Today while listening to my Pandora station, McCoy Tyner’s Four by Five came on.  Hearing it reminded me that the album that it comes from, The Real McCoy, is one of my favorite records of all time.  Recorded in April of 1967, it was McCoy’s first album for the Blue Note label — he had recorded several as a leader for Impulse — and it featured Joe Henderson on tenor, Ron Carter on bass, and the great drummer, Elvin Jones.

Henderson is simply amazing.  His time is impeccable and he effortlessly glides over the changes while meshing perfectly with the explosive rhythm section.  The album contains five striking originals by Tyner and is one of the great records of the post-Coltrane era. 

Listening to Henderson play on the Tyner composition got me thinking about the first Joe Henderson record I ever heard, Inner Urge.  The personnel is nearly identical to that of The Real McCoy; only the bass player, Bob Cranshaw, is different.  I had borrowed the record from my cousin and I was fairly sceptical as to whether I would like Henderson’s playing.  At that time, still in my late teens, I was certain that Charlie Parker, Sonny Rollins, Dexter Gordon, and Hank Mobley had said all there was to say on the tenor.  By the second jaw-dropping chorus of Inner Urge I realized how wrong I was. 

This record was probably responsible for opening my ears to more music than any other.  Not only was I hearing Henderson for the first time, but (incredibly) McCoy Tyner and Elvin Jones as well.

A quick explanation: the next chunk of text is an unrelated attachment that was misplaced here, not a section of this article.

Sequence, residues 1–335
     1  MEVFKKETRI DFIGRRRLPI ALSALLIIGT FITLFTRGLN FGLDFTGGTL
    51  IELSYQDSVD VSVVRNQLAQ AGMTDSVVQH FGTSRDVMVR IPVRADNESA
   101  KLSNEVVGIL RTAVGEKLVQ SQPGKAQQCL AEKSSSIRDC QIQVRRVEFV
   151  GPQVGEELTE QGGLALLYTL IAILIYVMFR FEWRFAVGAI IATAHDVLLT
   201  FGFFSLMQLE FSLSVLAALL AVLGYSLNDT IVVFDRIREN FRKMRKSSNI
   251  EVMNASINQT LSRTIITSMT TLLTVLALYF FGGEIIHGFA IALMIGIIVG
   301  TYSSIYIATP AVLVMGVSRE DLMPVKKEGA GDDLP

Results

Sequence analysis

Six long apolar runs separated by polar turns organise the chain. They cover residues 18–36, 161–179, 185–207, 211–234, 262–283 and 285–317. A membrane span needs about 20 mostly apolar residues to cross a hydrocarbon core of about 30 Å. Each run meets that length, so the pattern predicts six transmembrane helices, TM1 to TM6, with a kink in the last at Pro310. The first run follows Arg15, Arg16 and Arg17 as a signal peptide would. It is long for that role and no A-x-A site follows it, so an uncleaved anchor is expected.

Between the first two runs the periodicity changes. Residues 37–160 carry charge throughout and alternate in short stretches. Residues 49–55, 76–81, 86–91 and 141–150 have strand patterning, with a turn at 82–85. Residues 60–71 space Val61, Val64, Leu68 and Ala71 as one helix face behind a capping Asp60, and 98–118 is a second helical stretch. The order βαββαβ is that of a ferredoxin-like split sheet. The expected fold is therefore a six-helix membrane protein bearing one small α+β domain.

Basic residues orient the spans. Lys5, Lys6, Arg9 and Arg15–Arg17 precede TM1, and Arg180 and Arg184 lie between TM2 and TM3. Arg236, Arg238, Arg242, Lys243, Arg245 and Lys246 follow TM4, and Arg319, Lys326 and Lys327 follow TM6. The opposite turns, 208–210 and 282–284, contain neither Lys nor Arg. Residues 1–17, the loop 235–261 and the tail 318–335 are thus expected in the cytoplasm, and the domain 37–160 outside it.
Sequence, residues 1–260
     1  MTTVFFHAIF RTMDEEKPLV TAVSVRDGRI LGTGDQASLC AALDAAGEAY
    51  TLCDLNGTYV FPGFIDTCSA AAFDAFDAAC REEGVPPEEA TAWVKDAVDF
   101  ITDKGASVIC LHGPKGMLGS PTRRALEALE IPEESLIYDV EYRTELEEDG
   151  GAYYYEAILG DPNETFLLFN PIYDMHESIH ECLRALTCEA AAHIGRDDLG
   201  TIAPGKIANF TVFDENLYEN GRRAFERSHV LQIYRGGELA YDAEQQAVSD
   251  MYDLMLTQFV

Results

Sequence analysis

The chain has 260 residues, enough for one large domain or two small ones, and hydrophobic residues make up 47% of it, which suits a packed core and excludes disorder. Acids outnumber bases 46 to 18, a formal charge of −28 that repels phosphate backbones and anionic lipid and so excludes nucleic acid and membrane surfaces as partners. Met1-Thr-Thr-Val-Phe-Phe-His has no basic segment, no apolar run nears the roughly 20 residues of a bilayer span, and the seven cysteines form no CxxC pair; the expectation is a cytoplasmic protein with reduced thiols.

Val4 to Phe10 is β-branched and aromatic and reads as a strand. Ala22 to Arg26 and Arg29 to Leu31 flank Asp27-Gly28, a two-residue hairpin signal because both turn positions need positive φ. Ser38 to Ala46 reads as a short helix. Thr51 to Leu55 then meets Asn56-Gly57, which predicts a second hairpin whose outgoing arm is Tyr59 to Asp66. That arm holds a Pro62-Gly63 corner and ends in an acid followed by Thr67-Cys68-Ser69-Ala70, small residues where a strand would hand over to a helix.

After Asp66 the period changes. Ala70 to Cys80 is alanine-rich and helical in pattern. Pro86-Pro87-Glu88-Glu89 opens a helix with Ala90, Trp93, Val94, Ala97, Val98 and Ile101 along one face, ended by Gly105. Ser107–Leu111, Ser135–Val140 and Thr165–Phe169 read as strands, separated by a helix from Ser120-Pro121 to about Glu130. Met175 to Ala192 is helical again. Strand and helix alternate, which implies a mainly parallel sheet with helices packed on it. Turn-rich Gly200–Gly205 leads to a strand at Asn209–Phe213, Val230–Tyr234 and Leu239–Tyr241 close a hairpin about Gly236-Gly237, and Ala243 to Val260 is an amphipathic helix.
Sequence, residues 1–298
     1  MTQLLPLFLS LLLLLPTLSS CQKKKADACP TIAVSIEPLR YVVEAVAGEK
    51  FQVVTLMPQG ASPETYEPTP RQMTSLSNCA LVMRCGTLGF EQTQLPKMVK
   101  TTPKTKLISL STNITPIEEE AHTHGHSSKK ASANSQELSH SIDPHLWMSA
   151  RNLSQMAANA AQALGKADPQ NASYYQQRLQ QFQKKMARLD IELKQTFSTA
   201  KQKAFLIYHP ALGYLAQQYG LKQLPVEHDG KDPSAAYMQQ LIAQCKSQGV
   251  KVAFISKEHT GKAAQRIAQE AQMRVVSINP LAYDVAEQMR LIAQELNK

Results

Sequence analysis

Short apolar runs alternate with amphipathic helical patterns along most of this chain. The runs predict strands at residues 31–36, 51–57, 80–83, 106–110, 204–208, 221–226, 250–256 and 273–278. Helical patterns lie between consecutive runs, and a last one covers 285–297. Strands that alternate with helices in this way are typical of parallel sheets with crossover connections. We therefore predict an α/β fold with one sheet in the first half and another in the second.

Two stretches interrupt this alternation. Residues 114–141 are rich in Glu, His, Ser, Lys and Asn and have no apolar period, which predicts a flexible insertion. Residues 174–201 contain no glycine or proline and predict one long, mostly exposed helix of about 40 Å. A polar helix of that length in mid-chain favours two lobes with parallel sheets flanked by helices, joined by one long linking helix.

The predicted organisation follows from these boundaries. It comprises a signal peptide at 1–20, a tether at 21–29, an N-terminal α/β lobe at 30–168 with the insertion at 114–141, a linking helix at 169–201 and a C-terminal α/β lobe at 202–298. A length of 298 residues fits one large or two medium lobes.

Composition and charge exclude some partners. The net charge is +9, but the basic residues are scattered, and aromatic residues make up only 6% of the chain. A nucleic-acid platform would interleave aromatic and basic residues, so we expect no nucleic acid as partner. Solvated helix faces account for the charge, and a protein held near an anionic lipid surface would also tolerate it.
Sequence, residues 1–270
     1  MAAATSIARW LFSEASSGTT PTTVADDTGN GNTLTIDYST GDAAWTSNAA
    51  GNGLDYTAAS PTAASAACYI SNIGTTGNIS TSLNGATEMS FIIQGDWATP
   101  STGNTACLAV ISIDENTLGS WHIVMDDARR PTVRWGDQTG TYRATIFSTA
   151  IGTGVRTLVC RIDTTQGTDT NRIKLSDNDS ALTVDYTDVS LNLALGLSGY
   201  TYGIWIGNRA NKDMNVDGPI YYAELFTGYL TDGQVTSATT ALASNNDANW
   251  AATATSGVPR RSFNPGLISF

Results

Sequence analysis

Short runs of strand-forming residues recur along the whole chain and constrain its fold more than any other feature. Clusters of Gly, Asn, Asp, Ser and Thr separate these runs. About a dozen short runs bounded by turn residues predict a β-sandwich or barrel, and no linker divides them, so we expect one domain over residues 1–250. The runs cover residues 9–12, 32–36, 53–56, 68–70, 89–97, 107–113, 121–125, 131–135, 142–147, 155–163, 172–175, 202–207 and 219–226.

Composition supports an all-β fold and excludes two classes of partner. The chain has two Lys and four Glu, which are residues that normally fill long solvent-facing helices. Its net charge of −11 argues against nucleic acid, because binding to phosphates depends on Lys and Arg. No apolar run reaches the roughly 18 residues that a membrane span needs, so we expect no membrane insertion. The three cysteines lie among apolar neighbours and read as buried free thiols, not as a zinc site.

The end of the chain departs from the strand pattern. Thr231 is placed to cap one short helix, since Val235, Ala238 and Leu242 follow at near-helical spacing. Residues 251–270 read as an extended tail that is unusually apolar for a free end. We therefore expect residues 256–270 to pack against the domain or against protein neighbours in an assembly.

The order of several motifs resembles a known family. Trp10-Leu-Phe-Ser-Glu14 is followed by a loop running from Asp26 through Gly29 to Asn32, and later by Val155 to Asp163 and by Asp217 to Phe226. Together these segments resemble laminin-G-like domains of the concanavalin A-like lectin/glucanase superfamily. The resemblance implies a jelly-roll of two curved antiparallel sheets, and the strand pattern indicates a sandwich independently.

I had no idea…

Once I accepted and embraced the fact that there was great music created after the be-bop era it opened up an entire new world for me.  Inner Urge was my gateway drug.  I had listened to Coltrane before, but now I felt brave enough to venture into the classic quartet material.  It would take me five or six more years to get to his later works, but I had enough to chew on for the time being. 

I also began listening to Wayne Shorter’s records as a leader, as well as his work with the Miles Davis quintet of the early to mid-60s.  Wayne is an acquired taste.  He’s like the oyster of jazz — you rarely like him the first time.  Once I got used to his thinner tone and his quirky time feeling, which is not so much in the pocket, but floating in and around the beat, he became one of my favorites.  Not to mention the fact that he is a masterful composer.  The three-ring record I own of Wayne’s is a 1964 work entitled JuJu. 

 I suppose it is no coincidence that all three of these dates featured Tyner and Jones.  They had such an empathy for each other that to my ears there is no finer rhythm section.  They are in complete agreement as to where the quarter note is and they compliment each other — McCoys pounding left hand fifths and Elvin’s fiery polyrhythms.  For this reason I have always felt a greater connection to the Coltrane quarter of the 60s over Miles more ethereal (but no less brilliant) quintet of the same era. 

I don’t know what the digital equivalent of a three-ring album is.  I suppose we have the ability to star our ipod tracks, but that idea never appealed to me.  I’m not ready for the American Idolization of my record collection.